Michael W. Bauer is Jean Monnet Professor and holds the Chair of Comparative Public Administration and Policy Analysis at the German University of Administrative Sciences Speyer.
Stefan Becker is a Researcher at the German University of Administrative Sciences Speyer.
Several commentators have argued that the Eurozone crisis has resulted in more intergovernmental EU decision-making, with the European Commission in particular being weakened by the role taken on by the European Council in the area of economic governance. Michael W. Bauer and Stefan Becker write, however, that while the Commission’s agenda setting powers have been curtailed, it has been considerably strengthened in managerial terms. They argue that far from being weakened, the Commission has emerged as an unexpected institutional ‘winner’ from the recent transformations of economic governance in the EU.
It has repeatedly been argued that the latest financial and economic crisis has shifted authority in EU economic governance even further to intergovernmental institutions. National governments in the European Council take the most prominent role in setting the economic agenda, and cooperation increasingly takes place in intergovernmental form outside the European treaties, as evidenced by the European Stability Mechanism and the Fiscal Compact. It has been concluded that this shift has taken place at the expense of other institutions and, in particular, the European Commission. This reading is in line with more general portrayals of the Commission as an institution in decline, or at least forced onto the political defensive.
We argue that this is an overly-simplified conclusion. The thesis of Commission decline provides only a partial account of economic governance during and after the latest financial and economic crisis. While one can indeed argue that the Commission’s agenda-setting powers have been curtailed, the Commission has at the same time been considerably strengthened in managerial terms. Several reforms in the areas of financial stability support, economic policy surveillance and the coordination of national policies have consolidated and sometimes even expanded the Commission’s mandate of supervising national compliance with EU rules; and intergovernmental form often has strong supranational substance.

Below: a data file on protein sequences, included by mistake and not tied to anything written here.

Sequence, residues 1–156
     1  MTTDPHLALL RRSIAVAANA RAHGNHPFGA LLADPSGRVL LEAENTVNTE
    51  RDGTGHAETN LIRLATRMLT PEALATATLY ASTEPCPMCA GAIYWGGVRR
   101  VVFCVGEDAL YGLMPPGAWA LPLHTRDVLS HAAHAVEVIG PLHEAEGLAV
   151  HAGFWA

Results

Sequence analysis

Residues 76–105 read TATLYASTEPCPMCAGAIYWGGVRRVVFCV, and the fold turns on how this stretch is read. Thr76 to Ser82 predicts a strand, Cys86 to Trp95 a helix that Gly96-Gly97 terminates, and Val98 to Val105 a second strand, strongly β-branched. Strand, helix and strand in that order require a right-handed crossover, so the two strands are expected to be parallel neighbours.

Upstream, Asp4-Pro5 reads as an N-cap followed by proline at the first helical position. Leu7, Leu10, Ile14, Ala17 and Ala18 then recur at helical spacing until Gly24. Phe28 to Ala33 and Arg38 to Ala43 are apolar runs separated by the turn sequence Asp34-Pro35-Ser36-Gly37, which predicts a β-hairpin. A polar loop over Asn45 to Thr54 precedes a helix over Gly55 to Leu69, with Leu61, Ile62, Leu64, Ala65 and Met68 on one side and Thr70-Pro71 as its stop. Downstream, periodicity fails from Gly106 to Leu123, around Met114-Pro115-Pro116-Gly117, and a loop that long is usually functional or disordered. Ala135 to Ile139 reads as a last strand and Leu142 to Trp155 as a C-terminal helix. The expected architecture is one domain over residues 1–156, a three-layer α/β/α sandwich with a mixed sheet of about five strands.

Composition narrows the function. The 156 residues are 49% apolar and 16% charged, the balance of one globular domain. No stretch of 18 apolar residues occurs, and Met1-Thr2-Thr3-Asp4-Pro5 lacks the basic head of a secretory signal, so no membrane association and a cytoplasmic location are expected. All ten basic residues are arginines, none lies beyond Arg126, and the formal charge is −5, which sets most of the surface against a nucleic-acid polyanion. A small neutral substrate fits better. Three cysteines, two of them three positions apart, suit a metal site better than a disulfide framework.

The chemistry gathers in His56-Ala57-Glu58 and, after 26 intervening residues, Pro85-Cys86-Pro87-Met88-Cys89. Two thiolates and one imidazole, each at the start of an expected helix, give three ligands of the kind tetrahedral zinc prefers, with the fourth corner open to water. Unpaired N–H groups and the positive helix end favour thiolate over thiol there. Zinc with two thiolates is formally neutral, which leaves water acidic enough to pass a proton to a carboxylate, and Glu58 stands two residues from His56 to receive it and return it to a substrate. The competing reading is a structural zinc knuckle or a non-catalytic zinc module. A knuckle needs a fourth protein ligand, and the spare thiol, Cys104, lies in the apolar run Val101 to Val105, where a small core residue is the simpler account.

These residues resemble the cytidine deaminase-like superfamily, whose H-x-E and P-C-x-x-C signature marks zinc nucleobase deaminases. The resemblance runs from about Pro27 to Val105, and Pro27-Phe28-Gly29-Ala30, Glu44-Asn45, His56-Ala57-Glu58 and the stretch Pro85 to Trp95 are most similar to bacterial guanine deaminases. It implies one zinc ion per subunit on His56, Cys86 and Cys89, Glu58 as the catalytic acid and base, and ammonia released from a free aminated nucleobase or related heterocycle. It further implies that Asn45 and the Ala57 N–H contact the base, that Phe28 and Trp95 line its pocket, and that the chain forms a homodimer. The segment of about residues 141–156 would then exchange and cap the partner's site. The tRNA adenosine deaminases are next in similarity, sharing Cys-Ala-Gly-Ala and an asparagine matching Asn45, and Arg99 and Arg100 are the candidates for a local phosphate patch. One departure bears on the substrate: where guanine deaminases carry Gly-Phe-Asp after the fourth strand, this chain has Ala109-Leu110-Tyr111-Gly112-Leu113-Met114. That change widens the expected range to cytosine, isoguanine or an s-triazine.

Take the area of financial stability support as an example: even though the newest lending facilities are formally intergovernmental arrangements, the current governance architecture involves the Commission in various managerial capacities. Along with the European Central Bank, the Commission assesses the financing needs of applicants and subsequently proposes decisions on granting assistance. As part of the troika, which also features the European Central Bank and the International Monetary Fund,the Commission then negotiates conditionality agreements and monitors compliance afterwards.
These are hardly trivial tasks. Conditionality arrangements impose tough measures on borrowing states, such as cuts in welfare policies and the public sector, which entail severe social repercussions, as the European Parliament’s inquiry into the matter exemplarily showed. It follows that troika decisions and reports are time and again highly controversial in both creditor and debtor states – and it seems to be the Commission that plays the most prominent role in this group, especially when it comes to designing structural reform plans. As the central actor between creditor and debtor states, the Commission has therefore become quite important in financial stability support, which has grown in size and sophistication during the crisis.